I'm also going for all kinds of check ups. Easy to make the appointment, docs are fitting me in quickly, $18 co-pay, and understanding what the doc says make it all worth while. Eventually I'll start getting them done in Italy (I'll be starting with a mammo this Fall).

Two more mornings of golf camp, then we'll head to Philadelphia for an overnight with my aunt and uncle and a quick visit to the historical center. Saturday morning we'll head back to Long Island. The weather is beautiful, sunny, not too hot (not even warm enough to swim!). We're having fun...

Tuesday, June 17, 2008

Oh Lucky Day!

OK, we arrived here in New York Saturday evening, and boy were we lucky!

Lucky that we arrived before the big thunderstorms that delayed flights up to six hours

Lucky that we arrived on time (which sounds like a repeat of the first lucky point, but we were flying Eurofly and we could have been delayed even if it were blue skies from start to finish).

Lucky that we had private tv screens, instead of having to crane our necks to see one movie for all.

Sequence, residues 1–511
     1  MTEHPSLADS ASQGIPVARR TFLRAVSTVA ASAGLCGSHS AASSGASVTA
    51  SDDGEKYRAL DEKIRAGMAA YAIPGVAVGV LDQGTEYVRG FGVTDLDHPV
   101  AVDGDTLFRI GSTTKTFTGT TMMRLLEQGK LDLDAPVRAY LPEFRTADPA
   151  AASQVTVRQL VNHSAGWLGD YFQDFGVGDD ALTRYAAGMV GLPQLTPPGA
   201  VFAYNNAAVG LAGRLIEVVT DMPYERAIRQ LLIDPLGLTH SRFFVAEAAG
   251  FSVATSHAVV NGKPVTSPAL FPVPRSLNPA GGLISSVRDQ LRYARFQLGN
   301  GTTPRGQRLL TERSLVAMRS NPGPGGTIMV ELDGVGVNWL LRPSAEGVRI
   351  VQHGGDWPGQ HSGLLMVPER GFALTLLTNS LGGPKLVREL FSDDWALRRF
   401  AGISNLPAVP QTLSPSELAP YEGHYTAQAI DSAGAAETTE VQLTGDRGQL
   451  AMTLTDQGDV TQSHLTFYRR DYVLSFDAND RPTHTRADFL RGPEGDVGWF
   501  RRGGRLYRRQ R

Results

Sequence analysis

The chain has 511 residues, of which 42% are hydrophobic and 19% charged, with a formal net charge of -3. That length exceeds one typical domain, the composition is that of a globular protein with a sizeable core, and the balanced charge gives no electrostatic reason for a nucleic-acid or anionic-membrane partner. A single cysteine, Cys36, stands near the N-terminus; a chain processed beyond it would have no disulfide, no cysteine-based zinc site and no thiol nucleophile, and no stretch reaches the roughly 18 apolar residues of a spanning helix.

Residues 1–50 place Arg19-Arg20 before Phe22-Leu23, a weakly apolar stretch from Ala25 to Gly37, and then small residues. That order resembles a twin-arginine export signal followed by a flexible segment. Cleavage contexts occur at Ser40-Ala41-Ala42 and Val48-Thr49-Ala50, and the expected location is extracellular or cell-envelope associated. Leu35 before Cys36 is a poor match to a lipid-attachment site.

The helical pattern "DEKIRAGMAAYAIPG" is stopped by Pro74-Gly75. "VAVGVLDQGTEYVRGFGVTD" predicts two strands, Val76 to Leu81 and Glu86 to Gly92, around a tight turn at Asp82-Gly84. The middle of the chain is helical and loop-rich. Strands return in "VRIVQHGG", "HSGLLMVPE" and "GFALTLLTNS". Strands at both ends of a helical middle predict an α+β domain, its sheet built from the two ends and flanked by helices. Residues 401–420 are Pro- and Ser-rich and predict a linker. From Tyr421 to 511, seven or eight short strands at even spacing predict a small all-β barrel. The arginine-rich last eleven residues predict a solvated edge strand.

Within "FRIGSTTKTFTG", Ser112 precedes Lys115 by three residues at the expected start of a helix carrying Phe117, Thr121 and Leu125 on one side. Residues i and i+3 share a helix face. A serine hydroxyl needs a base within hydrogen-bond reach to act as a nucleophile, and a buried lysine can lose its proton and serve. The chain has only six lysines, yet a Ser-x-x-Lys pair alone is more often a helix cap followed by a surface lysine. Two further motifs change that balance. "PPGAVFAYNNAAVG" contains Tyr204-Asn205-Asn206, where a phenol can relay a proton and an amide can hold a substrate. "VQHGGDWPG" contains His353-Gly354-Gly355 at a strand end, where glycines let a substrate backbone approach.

Lucky they had a movie Dante liked (Horton Hears a Who) which he watched twice

Lucky we were near the rear which had 10 rows of empty seats. Dante and Pio both stretched out and slept for a few hours.

All in all, we had a great flight!

Yesterday I went into Manhattan to see my friend of many years, Lisa. Even though we speak often through Skype, there's nothing like actually seeing each other. We went to the City Grill near 73rd and Amsterdam and I had a chicken quesadilla with guacamole. YUM!

I've also started shopping (see Home on the Prarie post), buying two aquarium books for Dante, a pair of white kitchen Crocs for G (who works in a local restaurant back in Italy) and black "Capri" crocs for me. I also bought a quart of Rose's Lime Juice after reading in another expat blog (which one? did anyone else read it? Please let me know!) about how it's essential for all kinds of summer drinks (and can be added to our fave Gin and Tonic) but impossible to find in Italy (though they supposedly have an Italian distributor, I see on their website).

Lots more to look for...but tomorrow is another day! Actually, tomorrow we start with the doctor visits (annual checkups)and inbetween I hope to fit in a visit to my knitting teacher too (I'm still struggling to knit a pair of socks...somehow I get through the first one but get stuck on the second!)